By the time you are an adult, you know a lot about the world. You know that dogs bark, that computers allow you to communicate with people around the planet, that airplanes fly you from city to city, and that water boils at 100 degrees Celsius. You also know a lot about individuals you have met. You know your mother’s maiden name (which is handy when you need to open a bank account). You know your best friend’s favorite color, the toy your aunt’s dog likes to play with, and exact way you need to unlatch the gate at your grandparents’ house.
Your knowledge about individuals is useful for helping you to interact with specific situations in the world. Knowing your best friend’s favorite color can help you buy a gift for her birthday. Your knowledge about kinds of things (like dogs in general) can help you to predict what you should expect when you encounter a new dog. Ultimately, you need to learn information about kinds of things in the world as well as information about the specific individuals you encounter.
An interesting paper by Andrei Cimpian and JoAnn Park in the February, 2014 issue of the Journal of Experimental Psychology: General examined what 4- and 5-year-old kids do when they are given a choice to learn about a particular individual or a kind in general.
In one experiment, children sat with an experimenter who brought pictures of several unfamiliar animals (like a pangolin and a tarsier). For half the children, the experimenter said that she was an expert and knew a lot about these animals. For the other half of the children, the experimenter said she did not know much about the animals, but could guess some facts about them.
The experimenter showed a picture of an animal and said that she could tell the child a fact about that particular animal or about that kind of animal in general. Children would let the experimenter know what kind of fact they wanted, and they would be given a fact. Children were able to learn 3 facts for each picture and there were 4 pictures for a total of 12 trials.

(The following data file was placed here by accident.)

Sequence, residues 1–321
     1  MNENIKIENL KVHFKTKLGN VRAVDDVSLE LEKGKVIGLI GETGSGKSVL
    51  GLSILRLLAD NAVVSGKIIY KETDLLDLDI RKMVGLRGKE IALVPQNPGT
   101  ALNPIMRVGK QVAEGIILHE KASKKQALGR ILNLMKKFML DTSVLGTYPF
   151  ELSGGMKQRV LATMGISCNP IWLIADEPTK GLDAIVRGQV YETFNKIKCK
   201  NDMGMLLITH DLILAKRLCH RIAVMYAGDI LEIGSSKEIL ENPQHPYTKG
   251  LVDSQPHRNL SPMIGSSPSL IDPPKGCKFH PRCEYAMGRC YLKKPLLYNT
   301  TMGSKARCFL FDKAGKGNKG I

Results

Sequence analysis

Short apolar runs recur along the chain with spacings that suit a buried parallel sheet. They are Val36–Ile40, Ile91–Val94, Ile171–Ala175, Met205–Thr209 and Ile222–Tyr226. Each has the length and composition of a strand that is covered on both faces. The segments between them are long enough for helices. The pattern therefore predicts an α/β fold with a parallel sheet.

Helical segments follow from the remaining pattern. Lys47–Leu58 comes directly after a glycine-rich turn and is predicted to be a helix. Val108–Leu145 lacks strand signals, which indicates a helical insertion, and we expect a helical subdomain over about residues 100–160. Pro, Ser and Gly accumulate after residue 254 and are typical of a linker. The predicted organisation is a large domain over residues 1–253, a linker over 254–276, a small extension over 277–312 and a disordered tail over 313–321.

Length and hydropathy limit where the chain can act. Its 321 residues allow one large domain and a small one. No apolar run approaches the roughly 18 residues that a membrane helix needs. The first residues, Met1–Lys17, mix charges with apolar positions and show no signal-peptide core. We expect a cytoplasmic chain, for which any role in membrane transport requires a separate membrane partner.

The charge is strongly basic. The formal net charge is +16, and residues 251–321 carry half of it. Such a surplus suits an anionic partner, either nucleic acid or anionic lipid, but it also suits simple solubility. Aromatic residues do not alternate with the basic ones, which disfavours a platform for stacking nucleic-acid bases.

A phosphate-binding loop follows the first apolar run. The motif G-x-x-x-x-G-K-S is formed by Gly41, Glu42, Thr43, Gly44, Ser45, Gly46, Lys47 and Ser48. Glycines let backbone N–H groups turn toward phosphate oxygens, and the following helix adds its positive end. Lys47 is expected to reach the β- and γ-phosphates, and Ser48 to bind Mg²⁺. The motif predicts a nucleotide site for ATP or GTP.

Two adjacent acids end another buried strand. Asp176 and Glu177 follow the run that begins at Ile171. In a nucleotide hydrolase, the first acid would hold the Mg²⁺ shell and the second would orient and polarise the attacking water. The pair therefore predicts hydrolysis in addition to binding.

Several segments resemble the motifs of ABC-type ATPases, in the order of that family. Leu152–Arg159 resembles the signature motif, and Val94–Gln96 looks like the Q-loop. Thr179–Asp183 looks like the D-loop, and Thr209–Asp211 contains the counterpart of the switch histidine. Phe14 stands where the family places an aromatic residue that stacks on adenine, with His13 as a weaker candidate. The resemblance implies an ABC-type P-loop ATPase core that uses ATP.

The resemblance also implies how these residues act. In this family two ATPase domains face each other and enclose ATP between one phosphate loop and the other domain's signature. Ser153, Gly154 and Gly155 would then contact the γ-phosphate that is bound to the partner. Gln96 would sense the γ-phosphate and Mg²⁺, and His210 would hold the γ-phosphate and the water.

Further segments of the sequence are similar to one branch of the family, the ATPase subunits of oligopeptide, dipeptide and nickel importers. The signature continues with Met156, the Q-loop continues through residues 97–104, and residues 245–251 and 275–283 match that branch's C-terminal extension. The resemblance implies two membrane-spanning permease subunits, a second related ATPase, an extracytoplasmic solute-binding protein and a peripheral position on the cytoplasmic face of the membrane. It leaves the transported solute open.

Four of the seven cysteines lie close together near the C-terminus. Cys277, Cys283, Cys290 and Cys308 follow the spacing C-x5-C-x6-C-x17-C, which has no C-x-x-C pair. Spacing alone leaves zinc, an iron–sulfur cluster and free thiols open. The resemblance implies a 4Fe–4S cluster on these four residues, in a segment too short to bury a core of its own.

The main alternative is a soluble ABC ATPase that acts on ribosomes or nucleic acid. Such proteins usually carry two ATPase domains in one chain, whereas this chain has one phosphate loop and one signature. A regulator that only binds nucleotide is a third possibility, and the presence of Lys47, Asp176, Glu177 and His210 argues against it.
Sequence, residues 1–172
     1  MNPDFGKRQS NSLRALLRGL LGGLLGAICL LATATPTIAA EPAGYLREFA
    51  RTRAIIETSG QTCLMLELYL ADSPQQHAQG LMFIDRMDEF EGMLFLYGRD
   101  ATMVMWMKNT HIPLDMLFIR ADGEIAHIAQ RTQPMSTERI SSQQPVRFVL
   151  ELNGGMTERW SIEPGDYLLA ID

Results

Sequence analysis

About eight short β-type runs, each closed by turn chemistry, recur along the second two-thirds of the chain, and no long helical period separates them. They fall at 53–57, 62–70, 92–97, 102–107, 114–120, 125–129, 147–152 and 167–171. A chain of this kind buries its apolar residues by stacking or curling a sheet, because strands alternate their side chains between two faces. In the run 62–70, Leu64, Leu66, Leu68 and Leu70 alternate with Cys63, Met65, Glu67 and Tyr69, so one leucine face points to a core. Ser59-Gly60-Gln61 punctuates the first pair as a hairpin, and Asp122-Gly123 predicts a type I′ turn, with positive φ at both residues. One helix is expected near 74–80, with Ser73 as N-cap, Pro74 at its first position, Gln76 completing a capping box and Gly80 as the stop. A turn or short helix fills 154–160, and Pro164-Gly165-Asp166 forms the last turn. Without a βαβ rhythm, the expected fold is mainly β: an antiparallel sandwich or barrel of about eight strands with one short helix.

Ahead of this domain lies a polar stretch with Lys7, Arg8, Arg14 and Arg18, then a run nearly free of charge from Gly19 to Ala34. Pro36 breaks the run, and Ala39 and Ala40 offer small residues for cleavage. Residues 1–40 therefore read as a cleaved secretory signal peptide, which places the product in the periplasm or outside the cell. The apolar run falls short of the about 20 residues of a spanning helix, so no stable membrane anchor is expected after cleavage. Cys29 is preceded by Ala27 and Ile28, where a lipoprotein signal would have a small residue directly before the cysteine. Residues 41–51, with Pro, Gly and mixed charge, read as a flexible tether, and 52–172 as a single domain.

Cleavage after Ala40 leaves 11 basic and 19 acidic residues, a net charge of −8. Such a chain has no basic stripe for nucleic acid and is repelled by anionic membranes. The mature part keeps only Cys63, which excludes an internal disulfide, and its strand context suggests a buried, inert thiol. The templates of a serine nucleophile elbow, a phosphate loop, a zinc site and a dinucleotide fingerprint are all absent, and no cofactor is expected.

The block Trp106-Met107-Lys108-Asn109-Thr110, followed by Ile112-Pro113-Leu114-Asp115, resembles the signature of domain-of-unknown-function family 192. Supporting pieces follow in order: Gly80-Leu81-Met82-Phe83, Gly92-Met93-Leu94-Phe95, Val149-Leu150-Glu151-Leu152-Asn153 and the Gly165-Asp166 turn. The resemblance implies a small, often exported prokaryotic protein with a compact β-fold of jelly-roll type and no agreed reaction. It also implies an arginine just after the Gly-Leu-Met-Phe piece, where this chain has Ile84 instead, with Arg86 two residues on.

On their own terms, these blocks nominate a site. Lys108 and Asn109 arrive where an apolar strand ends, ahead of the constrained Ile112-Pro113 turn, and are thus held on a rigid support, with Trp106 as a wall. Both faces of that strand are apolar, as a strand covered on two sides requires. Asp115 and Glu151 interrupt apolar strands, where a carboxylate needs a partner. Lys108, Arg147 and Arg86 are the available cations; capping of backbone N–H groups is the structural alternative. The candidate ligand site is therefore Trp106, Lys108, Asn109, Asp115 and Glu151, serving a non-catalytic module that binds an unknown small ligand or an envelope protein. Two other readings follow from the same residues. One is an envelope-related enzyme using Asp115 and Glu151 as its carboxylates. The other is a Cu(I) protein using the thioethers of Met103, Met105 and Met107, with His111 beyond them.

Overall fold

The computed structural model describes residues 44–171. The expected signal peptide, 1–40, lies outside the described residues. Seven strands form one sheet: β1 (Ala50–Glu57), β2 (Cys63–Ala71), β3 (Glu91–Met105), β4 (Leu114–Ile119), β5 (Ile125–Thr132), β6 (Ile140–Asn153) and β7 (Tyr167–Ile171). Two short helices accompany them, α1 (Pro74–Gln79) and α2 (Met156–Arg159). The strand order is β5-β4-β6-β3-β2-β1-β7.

When the experimenter said she was just guessing, children had no preference for getting facts about individuals or kinds. This result makes sense, because the facts the child is getting are equally useless. When the experimenter said she knew a lot about the animals, though, the children wanted information about the kind of animal much more often (64% of the time) than they wanted information about the individual.
One possibility is that children just want information that applies to more individuals, and that is why they choose to get facts about the kind. In a second study, some children were given the chance to get a fact about the animal pictured or about several other specific animals that were not in the picture. In this condition, children had no preference for getting a fact about one animal or a fact about several.
Finally, a third study repeated the first experiment with familiar animals (like sharks, ants, and crickets). Once again, children had no particular preference for facts about individuals or kinds when the experimenter said she didn’t know anything about the animals, but preferred to get facts about the kind in general when the experimenter said she was an expert.
This result suggests that when young children are around people with expertise, they want to learn about categories of objects. This bias helps them to learn facts that will help them to deal with new things that they encounter. This finding also argues against another way that children could learn about the world. Children could learn lots of facts about individuals and then try to generalize those facts to apply to all members of the kind. Instead, children prefer to learn about facts that apply to the kind.